1 1/2 cups long-grain rice

1 cup finely chopped unskinned tomatoes

2 T. finely chopped white onion

1 garlic clove, roughly chopped

1/3 cup vegetable oil, chicken fat, or lard

3 1/2 cups chicken broth

1/3 cup carrots cut into rounds (optional)

1/2 cup peas or zucchini (optional)

1/2 cup giblets (optional)

salt to taste


Soak rice in hot water for 10 minutes. Drain in cold water twice.


Blend tomatoes, onion, garlic until smooth.


Fry rice in fat until lightly golden. Remove excess oil and add tomato puree, scraping and frying until absorbed, about 8 minutes. Stir in broth, vegetables, and giblets and cook over fairly high heat uncovered until broth has been absorbed and holes appear. Cover and continue cooking for about 5 minutes longer. Remove from heat and let rice absorb remaining moisture, about 15 minutes. Test for seasoning and doneness and cook a few minutes longer if needed. Fluff before serving.

post #15 of 18

From our Mexican family to you.  I use basmati rice.  Dry roast the rice in the pan used to cook it in.  Oil is not necessary, I discourage it. By dry roasting, the rice will turn opaque and some kernals will brown. I add about a 1/2 tablespoon  to a tablespoon of mild chili powder, a pinch of oregano, a pinch of cumin and briefly dry roast the spices for a minute or so.  I add the necessary water or broth and stir.  Most authentic Mexican rice uses no tomatoes or tomato products. Most people think that is where it gets the red color, it comes from the chili powder.  Mexican rice is typically not supposed to be a meal, however, sometimes I saute some bell peppers, onion and a pound of bacon to stir into the cooked rice for a meal.  Do this after the rice is cooked and crumble in the bacon or chorizo.  If you feel you must have tomatoes this would be the time to add them after the rice is cooked.

Tomato products are too acidic to cook rice in. The rice does not cook properly. Also, oil inhibits the rice grains from absorbing water properly.  In order to end up with a fluffy rice, the above technique should be followed.  I don't use tomatoes in my homemade enchilada sauce either.  If anyone would like that recipe, let me know.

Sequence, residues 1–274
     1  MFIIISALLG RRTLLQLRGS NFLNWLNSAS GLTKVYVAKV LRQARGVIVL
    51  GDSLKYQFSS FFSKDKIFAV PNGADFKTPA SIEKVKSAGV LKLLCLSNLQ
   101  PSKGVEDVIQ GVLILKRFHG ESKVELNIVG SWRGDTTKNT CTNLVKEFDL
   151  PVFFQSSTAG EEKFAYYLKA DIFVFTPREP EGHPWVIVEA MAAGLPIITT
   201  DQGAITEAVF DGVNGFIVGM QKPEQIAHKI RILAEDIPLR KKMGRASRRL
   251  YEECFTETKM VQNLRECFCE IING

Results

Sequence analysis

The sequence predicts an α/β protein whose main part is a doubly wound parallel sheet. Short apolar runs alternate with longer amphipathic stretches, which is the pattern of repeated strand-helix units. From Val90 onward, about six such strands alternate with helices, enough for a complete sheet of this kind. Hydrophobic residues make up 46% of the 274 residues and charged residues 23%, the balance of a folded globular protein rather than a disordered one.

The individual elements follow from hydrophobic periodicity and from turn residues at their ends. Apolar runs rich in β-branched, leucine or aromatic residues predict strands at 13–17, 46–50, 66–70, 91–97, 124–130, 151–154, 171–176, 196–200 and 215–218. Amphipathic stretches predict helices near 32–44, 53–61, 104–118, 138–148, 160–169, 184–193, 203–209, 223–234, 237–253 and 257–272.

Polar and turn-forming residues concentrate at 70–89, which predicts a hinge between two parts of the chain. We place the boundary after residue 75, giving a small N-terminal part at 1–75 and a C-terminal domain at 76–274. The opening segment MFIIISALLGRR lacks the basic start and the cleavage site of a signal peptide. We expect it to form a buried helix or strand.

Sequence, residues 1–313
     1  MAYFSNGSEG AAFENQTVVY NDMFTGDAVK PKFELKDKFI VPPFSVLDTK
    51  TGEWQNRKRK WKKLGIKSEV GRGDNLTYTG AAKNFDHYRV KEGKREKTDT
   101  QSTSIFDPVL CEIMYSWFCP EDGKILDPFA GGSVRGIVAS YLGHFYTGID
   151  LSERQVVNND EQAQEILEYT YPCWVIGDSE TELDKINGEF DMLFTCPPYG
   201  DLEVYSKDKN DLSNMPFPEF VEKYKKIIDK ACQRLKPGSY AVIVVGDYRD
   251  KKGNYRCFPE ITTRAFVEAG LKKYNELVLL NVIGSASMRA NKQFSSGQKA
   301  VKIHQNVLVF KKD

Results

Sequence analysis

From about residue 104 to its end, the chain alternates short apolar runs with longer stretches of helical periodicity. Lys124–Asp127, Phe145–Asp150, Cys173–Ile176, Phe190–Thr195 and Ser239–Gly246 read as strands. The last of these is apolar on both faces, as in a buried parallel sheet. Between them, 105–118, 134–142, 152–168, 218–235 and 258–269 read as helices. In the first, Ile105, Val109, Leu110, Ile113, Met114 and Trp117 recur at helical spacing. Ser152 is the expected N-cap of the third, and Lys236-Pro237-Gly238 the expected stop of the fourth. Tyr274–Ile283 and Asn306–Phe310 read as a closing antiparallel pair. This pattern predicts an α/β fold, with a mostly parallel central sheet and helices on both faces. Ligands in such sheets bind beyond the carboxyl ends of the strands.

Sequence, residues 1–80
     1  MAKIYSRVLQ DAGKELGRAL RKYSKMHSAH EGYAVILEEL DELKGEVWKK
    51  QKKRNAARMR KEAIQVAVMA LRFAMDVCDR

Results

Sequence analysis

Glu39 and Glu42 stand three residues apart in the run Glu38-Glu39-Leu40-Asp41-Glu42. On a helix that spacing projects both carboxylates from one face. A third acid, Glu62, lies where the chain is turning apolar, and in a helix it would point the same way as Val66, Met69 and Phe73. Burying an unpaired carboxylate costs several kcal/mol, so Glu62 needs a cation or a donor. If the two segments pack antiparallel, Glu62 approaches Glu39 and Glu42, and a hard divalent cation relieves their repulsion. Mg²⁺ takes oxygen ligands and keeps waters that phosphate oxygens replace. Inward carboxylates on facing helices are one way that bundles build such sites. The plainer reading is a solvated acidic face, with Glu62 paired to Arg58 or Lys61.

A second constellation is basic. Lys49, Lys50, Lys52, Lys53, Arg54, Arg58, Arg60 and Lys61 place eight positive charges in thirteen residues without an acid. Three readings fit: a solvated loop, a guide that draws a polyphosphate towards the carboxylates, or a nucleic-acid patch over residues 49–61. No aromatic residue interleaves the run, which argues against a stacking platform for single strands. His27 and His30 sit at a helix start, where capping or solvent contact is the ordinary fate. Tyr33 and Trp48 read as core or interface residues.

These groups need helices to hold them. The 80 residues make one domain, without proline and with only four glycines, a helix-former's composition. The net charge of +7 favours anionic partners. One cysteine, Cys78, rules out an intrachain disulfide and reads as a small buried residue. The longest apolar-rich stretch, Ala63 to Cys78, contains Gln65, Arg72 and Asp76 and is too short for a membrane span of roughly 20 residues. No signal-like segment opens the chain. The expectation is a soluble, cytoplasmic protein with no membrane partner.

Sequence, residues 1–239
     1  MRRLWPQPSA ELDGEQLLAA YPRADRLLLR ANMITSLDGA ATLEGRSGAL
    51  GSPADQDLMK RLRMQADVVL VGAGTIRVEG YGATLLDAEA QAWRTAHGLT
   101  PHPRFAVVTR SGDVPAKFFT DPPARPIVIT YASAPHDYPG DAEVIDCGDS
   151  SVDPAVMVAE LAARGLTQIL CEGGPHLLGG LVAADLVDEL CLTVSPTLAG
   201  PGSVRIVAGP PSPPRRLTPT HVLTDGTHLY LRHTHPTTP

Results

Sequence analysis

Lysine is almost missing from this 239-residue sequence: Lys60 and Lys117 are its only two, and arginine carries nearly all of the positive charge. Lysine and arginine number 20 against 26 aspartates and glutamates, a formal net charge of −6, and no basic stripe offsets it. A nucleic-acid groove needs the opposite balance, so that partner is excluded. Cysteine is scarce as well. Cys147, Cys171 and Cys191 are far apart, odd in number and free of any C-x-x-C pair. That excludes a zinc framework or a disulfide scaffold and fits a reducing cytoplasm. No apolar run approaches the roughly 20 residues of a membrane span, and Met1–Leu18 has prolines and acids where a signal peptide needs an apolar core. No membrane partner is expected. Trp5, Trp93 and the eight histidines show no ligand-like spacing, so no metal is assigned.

Just a note, allrecipes.com site has all manner of botched and ridiculously concocted non-authentic recipes and I have found only a couple of recipes that come close to authentic.  There are many other recipe sites that actually offer seriously authentic, good, creative and correct recipes.  However, I have yet to find a site that offers truly authentic Mexican recipes.


1 1/2 cups of basmati or long grain white rice (dry roasted)

3 cups of water or broth

1/2 to 1 tablespoon of mild chili powder

a pinch of Greek oregano (Mexican oregano is very strong & some like it very much)

a pinch of cumin


When the rice is nearly finished dry roasting add the spices to roast for a minute.  Add the liquid.  Bring to a boil, then turn down the heat to a simmer for 20 minutes.  Optional: (Add sauteed veggies, bacon, chorizo and/or garlic if desired after the rice is finished cooking.  


Mexican rice is not meant to be served as a meal but as an accompaniment to beans and other Mexican dishes.  I am sure everyone will tweek it according to their taste.  This is to be expected. At least now you have a good basic Mexican rice to start with and your guests and friends will be impressed.

post #16 of 18
Originally Posted by IFortuna View Post

Most authentic Mexican rice uses no tomatoes or tomato products. Most people think that is where it gets the red color, it comes from the chili powder.


Many Mexican red rices get their color from tomatoes. The recipe I posted above is from Diana Kennedy's The Art of Mexican Cooking. She has been studying and documenting Mexican cuisine since 1957 and is well known as a stickler for tradition. In his Los Clásicos de la Cocina Mexicana Ricardo Muñoz Zurita (best known as the author of the highly-sought-after Diccionario Enciclopédico de la Gastronomía Mexicana) starts off with a basic arroz blanco and an arroz rojo, the latter of which gets its red color from tomato, not chile. It contains serranos but no dried chile. (ETA: He also incidentally fries the rice first.)


I remember when I first arrived in Mexico about five years ago I mentioned to a Mexican friend that I'd just made arroz rojo and he asked me, "What kind? Did you use tomato or dried chile?"


As I said, there are many, many ways that rice is prepared in Mexico.

Edited by Soul Vole - 7/2/13 at 2:38pm
post #17 of 18

Yes, and now you have our way and the way many Mexican households make it.  

post #18 of 18


Edited by Antilope - 7/11/13 at 11:28am